I remember how my daughter learnt to sew; the way the seams
got twisted out of true or a bias-cut inset wouldn’t lie at ease;
how she’d bring home a goldfinch captured in a cage, keep it there
beating against its house arrest until I let it free.

Nature is all my work. When I found out the earth is made
to travel round the sun, I had to say it. That was my nature.
The truth I knew hung straight in my body as a plumb-line.
It did not compromise the God I know, who is never a liar.

Unlike me. They made me swear their truth, a sad affair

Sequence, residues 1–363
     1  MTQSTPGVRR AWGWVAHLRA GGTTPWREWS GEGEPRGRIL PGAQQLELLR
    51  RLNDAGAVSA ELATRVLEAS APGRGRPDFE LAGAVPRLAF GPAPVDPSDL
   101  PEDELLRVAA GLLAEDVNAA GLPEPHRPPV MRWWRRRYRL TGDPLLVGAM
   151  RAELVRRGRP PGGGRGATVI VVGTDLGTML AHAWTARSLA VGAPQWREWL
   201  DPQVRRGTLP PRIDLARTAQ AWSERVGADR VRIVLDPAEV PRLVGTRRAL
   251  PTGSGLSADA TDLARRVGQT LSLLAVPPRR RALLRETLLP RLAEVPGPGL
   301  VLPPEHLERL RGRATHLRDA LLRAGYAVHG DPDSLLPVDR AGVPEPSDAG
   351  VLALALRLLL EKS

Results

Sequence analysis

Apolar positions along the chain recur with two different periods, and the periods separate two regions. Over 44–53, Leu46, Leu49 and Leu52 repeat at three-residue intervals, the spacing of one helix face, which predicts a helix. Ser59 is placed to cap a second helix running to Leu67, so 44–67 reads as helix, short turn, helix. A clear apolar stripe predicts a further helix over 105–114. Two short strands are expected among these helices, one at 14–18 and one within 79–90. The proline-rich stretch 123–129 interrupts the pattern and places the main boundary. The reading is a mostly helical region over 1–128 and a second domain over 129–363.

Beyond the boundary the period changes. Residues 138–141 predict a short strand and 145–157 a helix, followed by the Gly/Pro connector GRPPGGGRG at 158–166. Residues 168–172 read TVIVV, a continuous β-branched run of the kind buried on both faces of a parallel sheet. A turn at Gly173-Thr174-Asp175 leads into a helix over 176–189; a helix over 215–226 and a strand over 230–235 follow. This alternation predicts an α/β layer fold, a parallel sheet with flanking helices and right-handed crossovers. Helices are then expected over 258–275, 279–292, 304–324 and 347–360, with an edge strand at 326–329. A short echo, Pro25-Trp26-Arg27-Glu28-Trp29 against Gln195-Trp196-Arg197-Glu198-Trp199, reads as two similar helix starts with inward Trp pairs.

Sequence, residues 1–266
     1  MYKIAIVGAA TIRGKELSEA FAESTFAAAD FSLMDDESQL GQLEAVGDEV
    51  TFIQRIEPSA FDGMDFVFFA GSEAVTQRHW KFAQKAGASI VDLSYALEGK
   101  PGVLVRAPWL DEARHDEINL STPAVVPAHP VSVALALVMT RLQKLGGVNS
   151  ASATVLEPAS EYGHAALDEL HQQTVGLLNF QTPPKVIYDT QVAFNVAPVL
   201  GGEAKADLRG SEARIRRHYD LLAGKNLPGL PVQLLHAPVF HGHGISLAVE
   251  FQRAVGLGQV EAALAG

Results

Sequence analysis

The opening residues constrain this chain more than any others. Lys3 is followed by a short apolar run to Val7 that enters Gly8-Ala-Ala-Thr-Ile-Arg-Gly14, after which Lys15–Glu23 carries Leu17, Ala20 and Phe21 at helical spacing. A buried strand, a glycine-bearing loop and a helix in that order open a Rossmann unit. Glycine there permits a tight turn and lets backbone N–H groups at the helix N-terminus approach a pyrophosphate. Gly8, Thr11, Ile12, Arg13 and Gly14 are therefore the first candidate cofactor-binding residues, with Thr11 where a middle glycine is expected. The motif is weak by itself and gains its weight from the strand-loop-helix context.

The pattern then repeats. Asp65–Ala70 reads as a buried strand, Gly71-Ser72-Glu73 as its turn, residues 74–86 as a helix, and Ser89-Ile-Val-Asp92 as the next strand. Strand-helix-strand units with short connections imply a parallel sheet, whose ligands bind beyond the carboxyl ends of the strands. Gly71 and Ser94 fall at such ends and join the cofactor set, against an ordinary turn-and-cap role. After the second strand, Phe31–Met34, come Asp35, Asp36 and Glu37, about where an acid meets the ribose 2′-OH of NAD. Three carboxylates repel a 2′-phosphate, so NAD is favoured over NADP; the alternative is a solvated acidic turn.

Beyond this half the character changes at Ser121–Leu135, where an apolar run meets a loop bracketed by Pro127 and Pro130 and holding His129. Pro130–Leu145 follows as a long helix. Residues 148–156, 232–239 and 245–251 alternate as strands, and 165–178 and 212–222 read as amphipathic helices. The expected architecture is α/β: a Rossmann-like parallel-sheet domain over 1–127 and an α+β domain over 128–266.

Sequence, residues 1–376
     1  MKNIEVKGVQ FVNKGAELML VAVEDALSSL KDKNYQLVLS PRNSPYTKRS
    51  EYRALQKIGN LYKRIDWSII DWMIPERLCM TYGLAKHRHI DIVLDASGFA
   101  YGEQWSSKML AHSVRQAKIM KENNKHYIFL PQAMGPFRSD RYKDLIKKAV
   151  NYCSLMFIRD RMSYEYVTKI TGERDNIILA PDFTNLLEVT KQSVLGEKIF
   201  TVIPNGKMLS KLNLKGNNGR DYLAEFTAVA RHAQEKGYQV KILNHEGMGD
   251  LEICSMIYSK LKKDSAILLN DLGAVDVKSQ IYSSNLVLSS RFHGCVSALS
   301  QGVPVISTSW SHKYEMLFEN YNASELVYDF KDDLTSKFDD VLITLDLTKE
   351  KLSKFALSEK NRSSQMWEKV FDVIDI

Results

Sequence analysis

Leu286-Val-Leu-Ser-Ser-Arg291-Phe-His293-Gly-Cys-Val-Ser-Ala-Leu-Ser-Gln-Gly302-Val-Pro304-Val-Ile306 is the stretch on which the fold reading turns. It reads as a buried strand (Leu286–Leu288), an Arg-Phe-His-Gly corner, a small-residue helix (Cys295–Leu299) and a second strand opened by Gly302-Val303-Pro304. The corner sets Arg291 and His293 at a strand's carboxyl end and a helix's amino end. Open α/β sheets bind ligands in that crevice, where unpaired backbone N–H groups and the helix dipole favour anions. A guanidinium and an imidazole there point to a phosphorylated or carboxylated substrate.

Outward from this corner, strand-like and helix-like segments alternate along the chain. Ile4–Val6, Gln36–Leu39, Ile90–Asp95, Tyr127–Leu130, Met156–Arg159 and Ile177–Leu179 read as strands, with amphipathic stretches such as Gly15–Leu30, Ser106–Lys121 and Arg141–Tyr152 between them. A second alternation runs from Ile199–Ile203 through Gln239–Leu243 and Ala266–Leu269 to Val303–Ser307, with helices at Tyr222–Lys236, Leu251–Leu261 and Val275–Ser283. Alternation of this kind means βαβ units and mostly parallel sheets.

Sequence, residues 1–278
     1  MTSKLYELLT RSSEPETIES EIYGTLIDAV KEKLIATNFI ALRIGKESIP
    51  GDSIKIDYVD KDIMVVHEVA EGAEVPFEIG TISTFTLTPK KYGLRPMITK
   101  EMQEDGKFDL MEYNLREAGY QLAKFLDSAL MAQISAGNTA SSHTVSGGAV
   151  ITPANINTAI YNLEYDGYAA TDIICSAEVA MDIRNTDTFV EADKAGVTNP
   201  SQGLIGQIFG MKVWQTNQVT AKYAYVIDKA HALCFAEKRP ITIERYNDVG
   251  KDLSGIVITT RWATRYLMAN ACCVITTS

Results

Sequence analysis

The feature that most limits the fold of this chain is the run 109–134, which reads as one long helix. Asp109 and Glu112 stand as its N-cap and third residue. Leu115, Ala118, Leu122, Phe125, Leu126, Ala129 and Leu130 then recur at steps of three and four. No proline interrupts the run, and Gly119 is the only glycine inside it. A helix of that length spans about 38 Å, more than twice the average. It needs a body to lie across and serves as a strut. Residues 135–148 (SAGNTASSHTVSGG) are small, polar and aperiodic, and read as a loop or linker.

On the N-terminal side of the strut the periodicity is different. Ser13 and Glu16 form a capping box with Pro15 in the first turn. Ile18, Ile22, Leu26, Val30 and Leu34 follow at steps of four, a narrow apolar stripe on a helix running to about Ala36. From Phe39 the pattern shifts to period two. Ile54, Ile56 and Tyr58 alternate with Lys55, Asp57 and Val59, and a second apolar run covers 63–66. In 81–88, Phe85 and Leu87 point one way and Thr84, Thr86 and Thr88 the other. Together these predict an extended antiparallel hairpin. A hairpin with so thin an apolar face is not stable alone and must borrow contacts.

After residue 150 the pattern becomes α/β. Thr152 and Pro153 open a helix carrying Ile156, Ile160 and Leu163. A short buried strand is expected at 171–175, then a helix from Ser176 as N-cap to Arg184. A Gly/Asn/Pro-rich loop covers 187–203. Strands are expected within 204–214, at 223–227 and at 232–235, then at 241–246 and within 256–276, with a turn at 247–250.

of fusty books and hand-me-down ideas, was what was true.
Their God, small enough to fit inside their lists of calumny,
knows only what they know. No-one is outside their power.

They let me have my work. Confined here I am no more unhappy
than my daughter in her convent. My clipped wings do not reach
even to the bars of my cage. Nature has not been forbidden me,
only the one truth I have sold to them in return for nothing.

One day it will not be hidden. Their God, no longer bent out of shape,
will let us reveal all that we dare to know. For now I do what I can,
an old man whose crooked back can never straighten again.
Silenced though I have been I still repeat: eppur si muove.

Elaine Taylor

If you have any comments on this poem, Elaine Taylor would be pleased to hear from you.